Five Facts on US Gasoline Prices

The Big InsightCurrent high gas prices are the result of a series of unique factors including COVID, the war in Ukraine, production and distribution limits, and the supply chain crisis, with even higher prices expected.

The average cost of a gallon of gas hit $4.60 this week — and analysts anticipate the cost to rise further over the summer. The high price is due to an unusual set of interlocking dynamics that will likely need bipartisan action to fix.

1. The surge in U.S. gasoline prices during the first weeks of the Russian invasion of Ukraine was the swiftest on record.

U.S. gas prices jumped from $3.53 three days before the invasion to $4.32 on March 14 — a 22% jump that was the fastest over a three-week span since the U.S. Energy Information Administration began tracking such data in 1990. While the U.S. imported only about eight percent of its oil supply from Russia before an embargo was imposed, the war has severely disrupted global supply.

The price before the invasion was high, but not abnormally so. In most recent years, the inflation-adjusted average cost per gallon was between $2.50 and $3.44. The inflation-adjusted low of $1.78 was hit in 1998, and the inflation-adjusted high of $4.33 in 2012.

2. Crude oil prices are down more than 20% from their March high — but gas prices have not experienced a similar drop.

According to The Washington Post, gas station owners take losses when prices surge, as they try to remain competitive while also dealing with a decline in customer demand as consumers drive less. They “can make up for those losses by being slow to lower pump prices as crude prices fall.”

However, they are not likely to lower prices as the upcoming vacation season further increases demand. According to JPMorgan, “expectations of strong driving demand” throughout the summer driving season could raise prices to $6.20 per gallon before Labor Day. Energy Intelligence research director Abhi Rajendran says prices at the pump are unlikely to decline before the fall at the earliest.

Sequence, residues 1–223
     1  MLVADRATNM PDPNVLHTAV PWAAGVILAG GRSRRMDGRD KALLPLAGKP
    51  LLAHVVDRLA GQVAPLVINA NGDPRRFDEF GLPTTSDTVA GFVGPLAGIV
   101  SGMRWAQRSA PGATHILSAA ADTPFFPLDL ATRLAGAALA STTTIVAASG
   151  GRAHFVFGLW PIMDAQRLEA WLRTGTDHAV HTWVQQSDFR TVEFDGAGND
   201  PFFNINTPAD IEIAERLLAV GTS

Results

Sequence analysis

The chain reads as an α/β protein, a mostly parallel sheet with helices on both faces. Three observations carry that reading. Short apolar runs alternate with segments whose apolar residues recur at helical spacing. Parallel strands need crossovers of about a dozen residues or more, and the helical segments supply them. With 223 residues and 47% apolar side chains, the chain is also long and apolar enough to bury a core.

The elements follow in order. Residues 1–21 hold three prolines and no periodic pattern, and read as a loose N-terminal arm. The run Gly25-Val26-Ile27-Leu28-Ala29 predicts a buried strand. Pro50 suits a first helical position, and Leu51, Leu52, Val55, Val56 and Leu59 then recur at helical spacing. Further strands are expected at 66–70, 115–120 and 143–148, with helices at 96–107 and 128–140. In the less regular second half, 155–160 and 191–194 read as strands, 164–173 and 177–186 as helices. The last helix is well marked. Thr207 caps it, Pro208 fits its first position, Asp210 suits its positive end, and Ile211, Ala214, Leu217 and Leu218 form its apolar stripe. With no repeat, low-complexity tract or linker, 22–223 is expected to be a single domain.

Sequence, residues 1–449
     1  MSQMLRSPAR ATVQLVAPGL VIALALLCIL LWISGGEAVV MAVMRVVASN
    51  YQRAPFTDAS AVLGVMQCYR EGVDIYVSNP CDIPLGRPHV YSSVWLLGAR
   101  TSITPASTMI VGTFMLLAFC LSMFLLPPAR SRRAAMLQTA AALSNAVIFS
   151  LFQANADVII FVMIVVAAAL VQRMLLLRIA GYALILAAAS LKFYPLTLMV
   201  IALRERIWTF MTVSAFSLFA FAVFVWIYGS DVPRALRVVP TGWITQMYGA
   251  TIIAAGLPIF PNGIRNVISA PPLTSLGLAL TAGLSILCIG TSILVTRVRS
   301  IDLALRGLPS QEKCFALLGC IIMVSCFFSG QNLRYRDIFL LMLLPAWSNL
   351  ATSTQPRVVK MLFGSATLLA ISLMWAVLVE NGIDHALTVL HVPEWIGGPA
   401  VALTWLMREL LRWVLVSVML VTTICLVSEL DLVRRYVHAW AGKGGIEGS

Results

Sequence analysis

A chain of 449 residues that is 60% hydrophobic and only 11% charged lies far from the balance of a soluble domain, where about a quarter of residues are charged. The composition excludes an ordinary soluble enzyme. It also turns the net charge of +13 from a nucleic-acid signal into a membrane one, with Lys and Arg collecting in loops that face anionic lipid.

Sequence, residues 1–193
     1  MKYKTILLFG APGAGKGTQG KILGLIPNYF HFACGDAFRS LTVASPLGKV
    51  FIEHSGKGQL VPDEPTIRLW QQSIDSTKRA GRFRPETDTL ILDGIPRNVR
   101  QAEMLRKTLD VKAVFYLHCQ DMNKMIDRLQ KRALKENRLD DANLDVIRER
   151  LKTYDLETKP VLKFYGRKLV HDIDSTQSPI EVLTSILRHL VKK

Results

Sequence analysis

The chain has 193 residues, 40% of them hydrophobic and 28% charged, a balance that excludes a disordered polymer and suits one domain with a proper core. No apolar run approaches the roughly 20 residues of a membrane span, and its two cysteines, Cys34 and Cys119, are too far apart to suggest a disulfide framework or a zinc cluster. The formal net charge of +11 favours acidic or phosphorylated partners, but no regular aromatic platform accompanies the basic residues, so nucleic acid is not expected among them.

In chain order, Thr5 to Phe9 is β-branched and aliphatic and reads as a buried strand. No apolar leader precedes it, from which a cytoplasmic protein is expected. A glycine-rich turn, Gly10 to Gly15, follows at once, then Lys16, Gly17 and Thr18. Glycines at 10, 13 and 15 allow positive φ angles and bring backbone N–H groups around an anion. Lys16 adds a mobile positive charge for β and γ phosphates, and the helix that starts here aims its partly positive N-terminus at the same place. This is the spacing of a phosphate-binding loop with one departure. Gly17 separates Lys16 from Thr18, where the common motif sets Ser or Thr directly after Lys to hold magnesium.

The White House is considering tapping the Northeast Home Heating Oil Reserve to deal with diesel fuel shortfalls, but the reserve only contains about one day’s supply — and while more diesel would help truckers and industry, it would not aid everyday drivers.

3. Gas prices fell to less than $2 per gallon during the height of the COVID pandemic — but production cuts then are impacting prices now.

In April 2020, the average U.S. cost was just $1.94 per gallon. Prices were largely back to normal by one year later. But global production cuts amounting to about 10% of overall supply continue to impact the market. GasBuddy head of petroleum analysis Patrick De Haan said in March, “We’re nearing pre-COVID levels for consumption, but production is still lagging. OPEC didn’t start increasing production until July 2021. They were already too late — they were severely behind the curve.”

4.  U.S. oil production now is higher than it was when President Biden took office.

While some critics of President Biden have faulted his energy policies for oil supply issues, U.S. Energy Information Administration data show that the U.S. was producing 11.6 million barrels per day in March, compared to an average of 11.3 million barrels per day in 2020. The Biden administration issued more than 3,500 new permits to drill on federal lands in its first year — 34% more than the Trump administration did in its first year.

But in the wake of the pandemic slowdown, energy companies have been cautious about ramping up output, constructing more wells but limiting new production. In addition, supply chain and labor supply issues have hindered distribution of oil that is being produced domestically. And the administration has limited supply in some ways, such as a temporary freeze on new drilling leases.

5. Current gas taxes average just under 50 cents per gallon — about 10% of the price at the pump.

The federal tax is 18.4 cents per gallon, while state taxes and fees average an additional 31.02 cents per gallon. In California, the overall tax is more than 86.5 cents per gallon. Some governors, like Maryland’s Larry Hogan, suspended state gas taxes during the price surge earlier this spring in order to offer consumers relief. The challenge of providing relief for consumers from Washington is substantial: The gas tax is dedicated to infrastructure needs and various ideas about rebates or subsidies have so far proven impractical.

No Labels is an organization of Democrats, Republicans, and independents working to bring American leaders together to solve problems.

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